Dogwood Village celebrates residents’ COVID-free year


“The second biggest challenge was making sure our staff were safe,” she continued. “When people are out and about, you can’t guarantee they didn’t pick up COVID. So, we started screening people daily. You have to get your temperature taken, answer questions about travel, answer questions about fever, sore throat, headaches or any symptoms that you might have. If you had any of those symptoms, you would be tested and sent home until we got the results back.”

The staff at Dogwood had to experiment with different testing and tracing strategies to ensure that any cases that did appear were immediately monitored. This meant a near-constant cycle of testing and waiting.

“First we started doing face-to-face testing and then switched to the drive-thru method since you didn’t really want to be too close to the person doing your test,” Talley said. “A lot of our tests were donated, but we had to buy thousands and thousands of tests. There’s no way to budget for that.”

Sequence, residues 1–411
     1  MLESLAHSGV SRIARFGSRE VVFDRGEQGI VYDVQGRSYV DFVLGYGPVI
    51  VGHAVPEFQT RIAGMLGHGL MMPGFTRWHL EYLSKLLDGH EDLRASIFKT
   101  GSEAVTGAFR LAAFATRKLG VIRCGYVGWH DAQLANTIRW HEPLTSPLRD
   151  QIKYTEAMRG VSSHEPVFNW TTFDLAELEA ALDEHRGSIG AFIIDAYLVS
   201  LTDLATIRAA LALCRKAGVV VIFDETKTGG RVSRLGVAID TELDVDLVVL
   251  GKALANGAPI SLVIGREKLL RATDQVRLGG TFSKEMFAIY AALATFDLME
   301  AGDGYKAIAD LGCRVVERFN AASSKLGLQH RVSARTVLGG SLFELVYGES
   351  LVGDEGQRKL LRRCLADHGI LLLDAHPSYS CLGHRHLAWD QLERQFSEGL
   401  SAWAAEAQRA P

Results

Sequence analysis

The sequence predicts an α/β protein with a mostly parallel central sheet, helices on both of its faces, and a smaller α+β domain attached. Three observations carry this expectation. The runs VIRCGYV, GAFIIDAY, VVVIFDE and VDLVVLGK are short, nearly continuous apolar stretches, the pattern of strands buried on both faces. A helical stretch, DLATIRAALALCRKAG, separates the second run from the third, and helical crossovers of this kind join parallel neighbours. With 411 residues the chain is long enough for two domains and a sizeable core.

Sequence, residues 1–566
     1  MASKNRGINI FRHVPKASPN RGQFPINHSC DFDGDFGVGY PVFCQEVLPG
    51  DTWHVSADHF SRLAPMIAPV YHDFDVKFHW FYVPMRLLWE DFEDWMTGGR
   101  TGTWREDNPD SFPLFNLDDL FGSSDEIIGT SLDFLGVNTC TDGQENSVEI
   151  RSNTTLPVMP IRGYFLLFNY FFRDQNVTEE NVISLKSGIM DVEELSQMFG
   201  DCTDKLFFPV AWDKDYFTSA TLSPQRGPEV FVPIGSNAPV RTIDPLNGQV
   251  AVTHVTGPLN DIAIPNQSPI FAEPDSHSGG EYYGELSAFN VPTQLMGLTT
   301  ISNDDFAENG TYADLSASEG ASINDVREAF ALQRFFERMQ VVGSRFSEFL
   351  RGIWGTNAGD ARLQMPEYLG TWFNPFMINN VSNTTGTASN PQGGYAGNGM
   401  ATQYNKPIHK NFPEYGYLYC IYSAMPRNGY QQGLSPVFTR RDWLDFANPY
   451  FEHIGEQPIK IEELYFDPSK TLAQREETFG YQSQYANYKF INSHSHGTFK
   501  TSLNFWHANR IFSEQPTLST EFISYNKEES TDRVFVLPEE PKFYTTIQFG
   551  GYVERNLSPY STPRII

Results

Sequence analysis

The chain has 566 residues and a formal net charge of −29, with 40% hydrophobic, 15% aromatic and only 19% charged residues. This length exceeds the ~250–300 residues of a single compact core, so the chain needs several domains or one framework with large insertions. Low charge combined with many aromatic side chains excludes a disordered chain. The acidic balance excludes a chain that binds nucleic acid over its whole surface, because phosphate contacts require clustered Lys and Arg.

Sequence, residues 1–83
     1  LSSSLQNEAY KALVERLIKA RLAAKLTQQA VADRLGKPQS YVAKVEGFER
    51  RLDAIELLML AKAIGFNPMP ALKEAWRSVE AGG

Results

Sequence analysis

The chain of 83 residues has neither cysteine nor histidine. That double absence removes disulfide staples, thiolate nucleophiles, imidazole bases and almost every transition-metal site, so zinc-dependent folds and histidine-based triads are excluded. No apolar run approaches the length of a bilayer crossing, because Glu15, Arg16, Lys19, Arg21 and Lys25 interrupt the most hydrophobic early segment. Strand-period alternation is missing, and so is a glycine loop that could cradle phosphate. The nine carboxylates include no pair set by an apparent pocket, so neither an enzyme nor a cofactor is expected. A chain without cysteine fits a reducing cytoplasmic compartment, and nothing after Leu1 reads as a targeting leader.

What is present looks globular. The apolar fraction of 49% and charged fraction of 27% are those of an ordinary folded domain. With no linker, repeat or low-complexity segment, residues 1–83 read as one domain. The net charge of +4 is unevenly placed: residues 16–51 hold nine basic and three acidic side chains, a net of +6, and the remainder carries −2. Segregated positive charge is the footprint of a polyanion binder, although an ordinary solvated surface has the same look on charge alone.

According to Talley, Dogwood did everything in its power to address the social and emotional deficits created by the pandemic for their residents.

“We continued to do some activities, some dining and outside visits,” she said. “We set up little booths for people so they could visit safely. The booths had to be created out of a transparent product, so that you could visit and see your loved one but couldn’t touch them or breathe the same air. It was like a PVC apparatus with a transparent dome on top. Our maintenance department built them for us.”



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